St Andrew's Church, Inverurie

National Grid Reference (NGR): NJ 77630 21110, map


Address

High Street
Inverurie
Aberdeenshire
AB51 3NP
Scotland

Introduction

This large parish church was built in the early 1840s and is close to the town centre, along High Street. The church is one of a number of ecclesiastical buildings in a line along High Street, including the Episcopal church and former Congregational church. 


Description (exterior)

St Andrew's Church is aligned east-west and is built of roughly-finished granite blocks with ashlar window and door surrounds. The wide roof is slated and has roof vents along the ridgeline. 

 

The east gable forms the formal front of the church and it faces High Street. It is of three bays and has a central pointed-arch doorway, heavily chamfered and with an ashlar rectangular frame around it. Above is a large pointed-arch window with simple trefoil tracery and clear multi-pane glazing. It is topped by an ogee-curved hoodmould with an ornate finial. A metal clock face set in a round stone frame is positioned directly above the central window. The apex of the gable has a tall gothic bellcote, with lancet (pointed-arch) openings and finials. The outer bays of the gable have a tall pointed-arch window with simple tracery and clear multi-pane glazing. There are large buttresses between the bays, each with tall square or octagonal pinnacles. 

 

The side elevations of the church have four large pointed-arch windows, again with simple tracery and clear multi-pane glass. There are tall buttresses at the corners with pinnacles. To the rear, a chancel was built onto the west gable in the 1870s. It is significantly narrower than the nave and has large rectangular windows on the north and south faces. 


Description (interior)

The interior of the church has been refurbished a number of times, most notably in the 1960s when the chancel and nave were refurbished and much of the current furnishings installed. The plastered walls and ceiling are painted light grey (walls) and bright blue (ceiling), with white detailing. Blue carpet covers much of the floor space.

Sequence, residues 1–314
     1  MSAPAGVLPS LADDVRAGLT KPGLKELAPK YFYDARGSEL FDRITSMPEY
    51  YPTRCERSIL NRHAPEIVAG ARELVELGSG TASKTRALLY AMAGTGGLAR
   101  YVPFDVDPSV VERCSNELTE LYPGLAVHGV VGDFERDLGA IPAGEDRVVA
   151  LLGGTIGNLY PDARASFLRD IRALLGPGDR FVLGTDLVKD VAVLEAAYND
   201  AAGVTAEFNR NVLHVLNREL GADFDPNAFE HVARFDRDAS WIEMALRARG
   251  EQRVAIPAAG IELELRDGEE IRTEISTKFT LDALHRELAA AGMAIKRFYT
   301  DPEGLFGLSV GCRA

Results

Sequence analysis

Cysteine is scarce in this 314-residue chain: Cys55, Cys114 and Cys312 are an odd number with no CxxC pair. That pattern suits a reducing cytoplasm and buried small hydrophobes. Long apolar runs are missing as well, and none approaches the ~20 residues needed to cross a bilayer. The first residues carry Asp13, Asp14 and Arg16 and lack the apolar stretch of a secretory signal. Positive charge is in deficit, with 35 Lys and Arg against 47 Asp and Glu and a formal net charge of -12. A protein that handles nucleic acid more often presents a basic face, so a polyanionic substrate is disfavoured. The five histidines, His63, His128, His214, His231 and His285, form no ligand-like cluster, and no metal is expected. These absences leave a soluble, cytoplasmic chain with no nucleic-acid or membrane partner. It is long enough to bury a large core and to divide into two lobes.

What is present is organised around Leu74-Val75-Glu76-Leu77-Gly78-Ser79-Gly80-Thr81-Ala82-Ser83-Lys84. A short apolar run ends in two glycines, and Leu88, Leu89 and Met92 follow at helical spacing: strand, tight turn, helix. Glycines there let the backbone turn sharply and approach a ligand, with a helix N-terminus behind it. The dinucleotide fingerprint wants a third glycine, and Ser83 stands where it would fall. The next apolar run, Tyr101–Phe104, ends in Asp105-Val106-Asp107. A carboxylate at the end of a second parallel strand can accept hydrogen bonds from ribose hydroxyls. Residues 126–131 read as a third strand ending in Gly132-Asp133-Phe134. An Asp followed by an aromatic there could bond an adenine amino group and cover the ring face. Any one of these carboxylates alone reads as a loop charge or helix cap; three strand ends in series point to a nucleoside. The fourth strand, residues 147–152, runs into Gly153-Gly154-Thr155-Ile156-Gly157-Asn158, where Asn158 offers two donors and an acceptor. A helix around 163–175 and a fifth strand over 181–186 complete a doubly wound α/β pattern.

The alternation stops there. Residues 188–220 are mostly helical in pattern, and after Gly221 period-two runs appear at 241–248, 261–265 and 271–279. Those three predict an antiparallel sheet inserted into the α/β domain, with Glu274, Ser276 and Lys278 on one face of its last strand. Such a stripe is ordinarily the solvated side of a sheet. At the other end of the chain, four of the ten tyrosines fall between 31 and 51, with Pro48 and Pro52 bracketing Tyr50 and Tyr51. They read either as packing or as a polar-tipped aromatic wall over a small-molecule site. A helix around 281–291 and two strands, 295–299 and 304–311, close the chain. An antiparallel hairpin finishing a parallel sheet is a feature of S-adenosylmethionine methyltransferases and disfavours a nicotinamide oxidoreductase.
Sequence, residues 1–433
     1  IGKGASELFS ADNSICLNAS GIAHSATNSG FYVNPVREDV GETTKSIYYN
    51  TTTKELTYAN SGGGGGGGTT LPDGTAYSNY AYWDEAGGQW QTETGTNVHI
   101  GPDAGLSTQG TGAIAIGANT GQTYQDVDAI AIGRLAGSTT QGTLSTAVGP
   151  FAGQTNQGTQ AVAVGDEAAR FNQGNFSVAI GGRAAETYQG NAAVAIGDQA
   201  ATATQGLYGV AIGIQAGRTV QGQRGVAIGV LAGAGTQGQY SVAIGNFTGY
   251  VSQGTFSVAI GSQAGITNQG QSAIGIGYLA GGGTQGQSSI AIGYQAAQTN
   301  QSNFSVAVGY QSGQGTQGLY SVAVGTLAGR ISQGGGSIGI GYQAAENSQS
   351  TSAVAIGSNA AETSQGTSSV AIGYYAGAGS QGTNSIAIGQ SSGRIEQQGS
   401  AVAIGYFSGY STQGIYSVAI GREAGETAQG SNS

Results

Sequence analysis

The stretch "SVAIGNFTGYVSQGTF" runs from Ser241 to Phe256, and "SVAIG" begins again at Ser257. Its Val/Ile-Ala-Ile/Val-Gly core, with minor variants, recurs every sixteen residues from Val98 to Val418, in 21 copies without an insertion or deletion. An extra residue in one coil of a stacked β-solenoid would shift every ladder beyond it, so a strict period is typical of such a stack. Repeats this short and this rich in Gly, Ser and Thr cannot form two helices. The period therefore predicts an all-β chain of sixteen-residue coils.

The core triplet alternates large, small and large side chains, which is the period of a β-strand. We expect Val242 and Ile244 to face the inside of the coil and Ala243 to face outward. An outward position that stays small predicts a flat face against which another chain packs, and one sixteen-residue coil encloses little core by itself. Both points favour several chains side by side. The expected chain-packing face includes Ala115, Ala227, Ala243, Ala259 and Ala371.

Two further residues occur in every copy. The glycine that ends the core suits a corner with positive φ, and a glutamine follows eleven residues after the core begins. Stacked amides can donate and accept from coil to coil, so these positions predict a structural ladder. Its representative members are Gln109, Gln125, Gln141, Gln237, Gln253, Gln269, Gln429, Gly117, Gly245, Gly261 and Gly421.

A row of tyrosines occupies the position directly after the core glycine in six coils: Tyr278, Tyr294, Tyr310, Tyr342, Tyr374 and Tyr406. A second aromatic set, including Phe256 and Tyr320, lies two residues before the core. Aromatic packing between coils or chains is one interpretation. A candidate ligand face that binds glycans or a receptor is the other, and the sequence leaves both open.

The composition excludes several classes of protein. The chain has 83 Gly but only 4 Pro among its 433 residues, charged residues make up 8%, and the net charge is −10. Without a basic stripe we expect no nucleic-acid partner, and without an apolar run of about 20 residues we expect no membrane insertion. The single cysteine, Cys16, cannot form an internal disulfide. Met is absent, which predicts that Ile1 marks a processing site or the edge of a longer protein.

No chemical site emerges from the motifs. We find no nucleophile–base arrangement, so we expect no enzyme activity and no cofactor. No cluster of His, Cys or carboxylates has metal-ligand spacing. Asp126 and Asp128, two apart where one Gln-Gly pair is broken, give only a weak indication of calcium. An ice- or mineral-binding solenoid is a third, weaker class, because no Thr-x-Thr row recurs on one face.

The chancel is bright and open, with a blue dado and carpet and bright white walls. The simple communion table is centrally placed and behind on the wall is a large wooden cross. A modern-looking 1960s pulpit is positioned at the junction of the nave and chancel. It has rectangular panels with a Latin inscription and a depiction of Christ. On the opposite side is a small, simple lectern, used for readings. In front of the chancel is an open space, which has a large floor mosaic, styled in a celtic cross design. 

 

The nave of St Andrew's has simple fixed wooden pews with a central aisle or passage. At the east end is a large gallery which extends about a third of the nave's length. It has a modern (1960s) panelled front, painted blue and white. A large pipe organ, again painted blue and white, is positioned against the east gable and rises almost to the ceiling. Below the gallery the space has been closed off from the nave by wood panelling with lancet windows. There is now a large office and vestry, a separate chapel on the other side and a large central vestibule and welcome area, leading in from the front doors. 


People / Organisations:

NameRoleDatesNotes
John SmithArchitect of the church1841-2

Events:

  • Church built (1841 to 1842)
  • Chancel built (1875)
  • Interior refurbished and re-modelled (1965)

Archive References:

NameReferenceNotes
Scottish Church Heritage Research Archive - Offline databaseReference: 4135
Historic Scotland Listed Building Reports - Online databaseView HS Listing Online: 35391B-listed
Scottish Church Heritage Research Archive - Offline databaseReference: RCAHMS NJ72SE 139
Canmore - Online database View Canmore Report Online: 112605

Bibliographic References:

NameAuthorDateNotes
Aberdeenshire: Donside and Strathbogie, an illustrated architectural guideIan Shepherd2006p122
Fasti Ecclesiae Scoticanae: the succession of ministers in the Church of Scotland from the ReformationH Scott et al (eds.)1915-61Vol. 6, p161-2
The New Statistical Account of Scotland1845Vol. XII p685